Chapter 2: Aristotelianism recap
As you may have noticed by how long that last post was, I can’t seem to go more than a few pages without stumbling on something illogical, or nonsensical, or just plain wrong. It’s not because I’m trying to be picky or combative; it’s just that I keep trying to apply the ideas Feser presents to real life, and failing.
I asked earlier which Forms an iPhone 7 instantiates. One could also ask how to determine what a thing’s final cause is. Feser never tells us. At times, he talks about such things being obvious (e.g., that various organs have obvious purposes (p.70); but then, what is the purpose of the human appendix, or of male nipples?), but this doesn’t help with non-obvious cases.
So aristotelianism sounds appealing on the surface, but turns out not to be a useful way of thinking about reality.
Now, I’m sure someone can tell me why I’m wrong about every example I bring up, but in this respect, aristotelianism is no different from homeopathy or astrology: practitioners of those disciplines are quick to dismiss any objection or anomalous result by saying that you forgot to take into account Saturn’s rotation, or the precise minute of your birth, or suggest a better substance to use from the catalog, or whatever. After a while, it becomes apparent that the discipline has a large grab-bag of excuses for every occasion.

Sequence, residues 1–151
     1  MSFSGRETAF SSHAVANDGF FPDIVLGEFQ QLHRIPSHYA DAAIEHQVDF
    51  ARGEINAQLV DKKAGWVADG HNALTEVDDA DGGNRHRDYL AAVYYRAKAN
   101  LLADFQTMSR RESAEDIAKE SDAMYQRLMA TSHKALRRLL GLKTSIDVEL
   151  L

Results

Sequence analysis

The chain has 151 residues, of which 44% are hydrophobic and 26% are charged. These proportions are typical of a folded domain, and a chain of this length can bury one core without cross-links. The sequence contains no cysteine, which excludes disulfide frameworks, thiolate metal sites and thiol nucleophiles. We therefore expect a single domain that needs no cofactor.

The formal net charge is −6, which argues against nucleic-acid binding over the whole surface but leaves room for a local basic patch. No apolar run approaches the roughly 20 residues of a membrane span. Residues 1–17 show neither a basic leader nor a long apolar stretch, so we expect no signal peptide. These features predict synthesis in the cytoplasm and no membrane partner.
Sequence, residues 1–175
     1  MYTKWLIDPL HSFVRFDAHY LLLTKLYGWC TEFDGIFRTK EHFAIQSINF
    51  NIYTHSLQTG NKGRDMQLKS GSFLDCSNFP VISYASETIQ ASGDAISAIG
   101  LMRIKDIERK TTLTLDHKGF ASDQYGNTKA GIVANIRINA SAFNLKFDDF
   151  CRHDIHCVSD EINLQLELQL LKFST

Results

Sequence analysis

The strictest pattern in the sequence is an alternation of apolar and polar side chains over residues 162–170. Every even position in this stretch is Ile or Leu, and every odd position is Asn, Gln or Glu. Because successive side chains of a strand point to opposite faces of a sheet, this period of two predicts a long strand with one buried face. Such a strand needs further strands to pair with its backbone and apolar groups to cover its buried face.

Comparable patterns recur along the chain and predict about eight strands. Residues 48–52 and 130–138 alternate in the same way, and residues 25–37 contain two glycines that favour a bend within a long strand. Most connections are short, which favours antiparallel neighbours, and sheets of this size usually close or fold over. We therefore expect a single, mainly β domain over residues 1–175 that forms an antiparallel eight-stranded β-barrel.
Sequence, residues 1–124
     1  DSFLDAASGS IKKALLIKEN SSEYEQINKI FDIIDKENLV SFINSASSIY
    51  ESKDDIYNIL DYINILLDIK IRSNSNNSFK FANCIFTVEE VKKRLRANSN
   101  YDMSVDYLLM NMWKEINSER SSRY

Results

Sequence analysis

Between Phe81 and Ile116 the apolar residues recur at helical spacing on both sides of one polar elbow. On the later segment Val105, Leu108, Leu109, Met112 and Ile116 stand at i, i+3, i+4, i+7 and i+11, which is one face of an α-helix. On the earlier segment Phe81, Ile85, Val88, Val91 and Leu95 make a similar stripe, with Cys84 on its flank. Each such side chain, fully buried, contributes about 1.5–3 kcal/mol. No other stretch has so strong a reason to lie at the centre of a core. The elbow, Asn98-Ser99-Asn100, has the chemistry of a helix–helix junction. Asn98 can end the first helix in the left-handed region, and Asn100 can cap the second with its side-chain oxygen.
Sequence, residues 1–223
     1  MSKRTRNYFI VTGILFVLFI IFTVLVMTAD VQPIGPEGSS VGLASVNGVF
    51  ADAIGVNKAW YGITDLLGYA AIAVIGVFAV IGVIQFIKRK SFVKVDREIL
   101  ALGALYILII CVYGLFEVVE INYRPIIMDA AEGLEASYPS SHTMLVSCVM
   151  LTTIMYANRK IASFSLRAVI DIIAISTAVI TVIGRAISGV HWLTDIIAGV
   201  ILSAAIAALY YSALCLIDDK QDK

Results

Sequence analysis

One problem with final causes specifically is that they seem to be a way to impose teleology on the universe. It’s very tempting to look at the world and say that hearts are for pumping blood, or that the sun is for light and warmth. It’s obvious. But, to quote Granny Weatherwax in Wyrd Sisters, “I’ll grant you it’s obvious. Trouble is, just because things are obvious doesn’t mean they’re true.”
Creationists, in my experience, are prone to this sort of teleological thinking. It takes effort to show them that it’s far better to ask “what can this organ do?” rather than “what is this organ for?” For instance, a butterfly’s wing helps it fly. It is supremely good at this task. But it also serves to advertise its colors to potential mates. In the case of monarch butterflies, the wings also advertise to predators that “this butterfly tastes awful.”
This will become significant later on. For now, suffice it to say that Feser seems to take it for granted that everything or nearly everything — at least, everything important under discussion — has a final cause, that is, that it’s for something, or that it’s oriented toward some goal or purpose.